CDC14 encodes a highly conserved phosphatase that is essential for cell cycle regulation in the model organism budding yeast. Human cells have two CDC14 paralogues, named hCDC14A and hCDC14B. Very surprisingly, the double knockout of hCDC14A and hCDC14B in human cells does not affect viability and cell cycle progression raising the question of their functions. Recently we could show that hCDC14A is associated with the actin cytoskeleton where it regulates cell adhesion and cell migration. In addition, genomic knockout of hCDC14A makes human colon cancer cells more invasive than the HCT116 control cells. This fits with the observation that downregulation of hCDC14A expression during cancer development is associated with poor survival of patients. In this project we will identify substrates of hCDC14A and hCDC14B by comparing the phospho-proteome profiles of hCDC14A/B knockouts with wild type cells by SILAC/mass spectrometry analysis. In addition, we will identify proximity interactors of hCDC14A/B using the newly developed BioID approach. hCDC14A substrates will be analysed for their role in cell migration and adhesion using the CRISPR/Cas9 knockout strategy. Since hCDC14B associates with the nucleolus, we expect that hCDC14B has different functions and substrates than hCDC14A.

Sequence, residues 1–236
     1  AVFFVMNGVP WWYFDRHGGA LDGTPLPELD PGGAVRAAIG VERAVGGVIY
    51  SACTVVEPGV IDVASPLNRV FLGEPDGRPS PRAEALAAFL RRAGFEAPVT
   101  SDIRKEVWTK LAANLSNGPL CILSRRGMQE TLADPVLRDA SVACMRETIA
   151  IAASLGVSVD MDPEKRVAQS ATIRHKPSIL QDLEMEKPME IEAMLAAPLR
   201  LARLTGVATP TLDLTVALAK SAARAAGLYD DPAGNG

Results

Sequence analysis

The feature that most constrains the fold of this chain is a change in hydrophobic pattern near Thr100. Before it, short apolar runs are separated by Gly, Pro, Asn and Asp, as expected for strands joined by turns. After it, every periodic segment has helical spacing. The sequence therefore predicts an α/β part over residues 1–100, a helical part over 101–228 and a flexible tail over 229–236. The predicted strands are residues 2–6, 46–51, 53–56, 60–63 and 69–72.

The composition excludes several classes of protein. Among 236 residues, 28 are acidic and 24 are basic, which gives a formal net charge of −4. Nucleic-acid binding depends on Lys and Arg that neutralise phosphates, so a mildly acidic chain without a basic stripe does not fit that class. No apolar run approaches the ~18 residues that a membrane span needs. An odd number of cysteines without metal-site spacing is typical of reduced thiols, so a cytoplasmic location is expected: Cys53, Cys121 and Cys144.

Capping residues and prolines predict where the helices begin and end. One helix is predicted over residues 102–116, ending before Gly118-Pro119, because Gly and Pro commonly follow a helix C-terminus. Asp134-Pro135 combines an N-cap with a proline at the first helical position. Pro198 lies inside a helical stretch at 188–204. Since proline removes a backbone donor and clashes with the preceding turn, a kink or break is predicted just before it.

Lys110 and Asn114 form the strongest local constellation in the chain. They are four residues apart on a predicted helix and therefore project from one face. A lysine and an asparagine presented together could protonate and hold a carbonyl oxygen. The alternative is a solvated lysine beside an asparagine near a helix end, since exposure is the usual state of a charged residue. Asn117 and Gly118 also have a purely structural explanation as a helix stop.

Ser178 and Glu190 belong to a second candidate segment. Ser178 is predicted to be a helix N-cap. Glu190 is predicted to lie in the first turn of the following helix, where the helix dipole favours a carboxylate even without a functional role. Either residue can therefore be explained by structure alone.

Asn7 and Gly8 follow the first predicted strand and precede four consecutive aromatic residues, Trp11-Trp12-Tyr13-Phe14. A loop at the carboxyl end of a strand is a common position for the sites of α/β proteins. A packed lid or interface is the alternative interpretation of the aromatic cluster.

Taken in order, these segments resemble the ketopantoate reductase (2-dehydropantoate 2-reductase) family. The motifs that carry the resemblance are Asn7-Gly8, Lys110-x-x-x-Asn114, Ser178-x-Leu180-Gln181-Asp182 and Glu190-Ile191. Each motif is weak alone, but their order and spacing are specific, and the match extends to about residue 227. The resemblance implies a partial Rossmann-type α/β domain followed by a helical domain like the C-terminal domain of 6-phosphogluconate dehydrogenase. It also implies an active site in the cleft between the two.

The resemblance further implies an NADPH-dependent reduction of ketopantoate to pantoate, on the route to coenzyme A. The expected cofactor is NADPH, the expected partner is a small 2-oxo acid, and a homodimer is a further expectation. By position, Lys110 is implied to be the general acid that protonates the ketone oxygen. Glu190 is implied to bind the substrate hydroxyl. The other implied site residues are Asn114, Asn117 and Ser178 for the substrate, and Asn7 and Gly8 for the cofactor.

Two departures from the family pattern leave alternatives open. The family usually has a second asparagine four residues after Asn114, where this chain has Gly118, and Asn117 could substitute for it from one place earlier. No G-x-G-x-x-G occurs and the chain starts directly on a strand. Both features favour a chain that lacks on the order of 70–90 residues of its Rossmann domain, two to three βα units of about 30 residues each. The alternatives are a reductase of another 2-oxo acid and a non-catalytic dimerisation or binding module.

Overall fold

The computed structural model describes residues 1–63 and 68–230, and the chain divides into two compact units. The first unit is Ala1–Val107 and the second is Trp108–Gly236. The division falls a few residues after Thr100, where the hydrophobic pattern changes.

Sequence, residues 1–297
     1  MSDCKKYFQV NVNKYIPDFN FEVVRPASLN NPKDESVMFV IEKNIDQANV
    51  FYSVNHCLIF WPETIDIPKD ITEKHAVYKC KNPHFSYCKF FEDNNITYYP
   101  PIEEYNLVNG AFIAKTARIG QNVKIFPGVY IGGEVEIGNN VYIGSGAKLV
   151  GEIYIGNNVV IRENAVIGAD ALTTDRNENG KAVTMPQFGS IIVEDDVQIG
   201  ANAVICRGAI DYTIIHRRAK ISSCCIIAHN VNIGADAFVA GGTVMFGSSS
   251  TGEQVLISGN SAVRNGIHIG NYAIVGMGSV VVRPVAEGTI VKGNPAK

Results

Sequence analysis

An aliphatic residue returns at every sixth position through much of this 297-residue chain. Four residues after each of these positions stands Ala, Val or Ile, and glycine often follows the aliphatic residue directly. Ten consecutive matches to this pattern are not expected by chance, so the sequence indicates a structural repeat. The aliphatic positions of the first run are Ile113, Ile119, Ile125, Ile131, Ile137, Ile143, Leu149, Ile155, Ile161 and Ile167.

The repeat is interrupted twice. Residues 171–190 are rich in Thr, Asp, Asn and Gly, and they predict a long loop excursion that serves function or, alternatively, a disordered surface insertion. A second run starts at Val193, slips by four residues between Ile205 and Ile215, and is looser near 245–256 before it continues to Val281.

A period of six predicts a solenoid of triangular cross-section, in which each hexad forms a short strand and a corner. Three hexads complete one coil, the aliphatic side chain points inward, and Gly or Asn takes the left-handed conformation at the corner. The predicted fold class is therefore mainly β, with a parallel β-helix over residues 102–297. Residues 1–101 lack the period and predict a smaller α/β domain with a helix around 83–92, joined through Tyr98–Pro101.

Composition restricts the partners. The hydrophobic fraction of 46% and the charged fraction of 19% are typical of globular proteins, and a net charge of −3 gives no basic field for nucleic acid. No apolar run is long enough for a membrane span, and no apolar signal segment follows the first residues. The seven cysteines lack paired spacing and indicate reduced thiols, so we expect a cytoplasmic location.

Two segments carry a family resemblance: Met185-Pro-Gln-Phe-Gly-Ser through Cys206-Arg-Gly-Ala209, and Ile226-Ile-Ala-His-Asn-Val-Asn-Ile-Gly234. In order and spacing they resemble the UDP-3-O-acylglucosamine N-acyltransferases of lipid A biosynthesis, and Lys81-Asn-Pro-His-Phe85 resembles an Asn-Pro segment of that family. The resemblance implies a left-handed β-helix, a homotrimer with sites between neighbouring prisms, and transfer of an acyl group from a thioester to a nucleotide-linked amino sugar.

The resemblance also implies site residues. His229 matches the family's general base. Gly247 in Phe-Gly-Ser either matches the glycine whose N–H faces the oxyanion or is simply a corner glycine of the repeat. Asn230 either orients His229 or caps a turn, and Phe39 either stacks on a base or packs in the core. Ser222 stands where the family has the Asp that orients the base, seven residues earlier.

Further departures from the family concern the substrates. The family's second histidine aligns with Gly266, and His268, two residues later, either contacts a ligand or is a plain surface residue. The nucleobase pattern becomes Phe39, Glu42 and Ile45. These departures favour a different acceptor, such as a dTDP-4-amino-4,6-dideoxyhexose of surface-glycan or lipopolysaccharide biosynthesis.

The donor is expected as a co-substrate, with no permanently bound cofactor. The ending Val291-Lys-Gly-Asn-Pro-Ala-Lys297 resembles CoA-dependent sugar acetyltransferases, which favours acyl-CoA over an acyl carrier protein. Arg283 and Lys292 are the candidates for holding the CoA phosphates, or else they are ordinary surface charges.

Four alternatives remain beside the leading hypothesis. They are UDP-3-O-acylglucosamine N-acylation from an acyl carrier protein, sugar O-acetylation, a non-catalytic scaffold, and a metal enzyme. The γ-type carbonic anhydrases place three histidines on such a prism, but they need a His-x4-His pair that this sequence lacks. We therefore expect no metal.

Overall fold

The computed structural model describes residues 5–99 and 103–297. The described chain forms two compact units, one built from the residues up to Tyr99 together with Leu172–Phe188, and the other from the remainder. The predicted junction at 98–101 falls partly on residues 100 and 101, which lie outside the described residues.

Highly motivated PhD students with a background in biochemistry, cell biology or molecular biology should apply. Successful candidates will be part of an international team of PhD students and postdocs that works at the forefront of scientific research (http://www.cell.com/developmental-cell/meet-the-author/berati-cerikan). The PhD student will be a member of the Hartmut Hoffmann-Berling International Graduate School of Molecular and Cellular Biology (http://www.hbigs.uni-heidelberg.de/). The PhD position (E13/65) is funded for 3 years.
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5 Agircan, F. G., Hata, S., Nussbaum-Krammer, C., Atorino, E. & Schiebel, E. Proximity mapping of human separase by the BioID approach. Biochem Biophys Res Commun, (2016).
Mocciaro, A. & Schiebel, E. Cdc14: a highly conserved family of phosphatases with non-conserved functions? J Cell Sci 123, 2867-2876, (2010).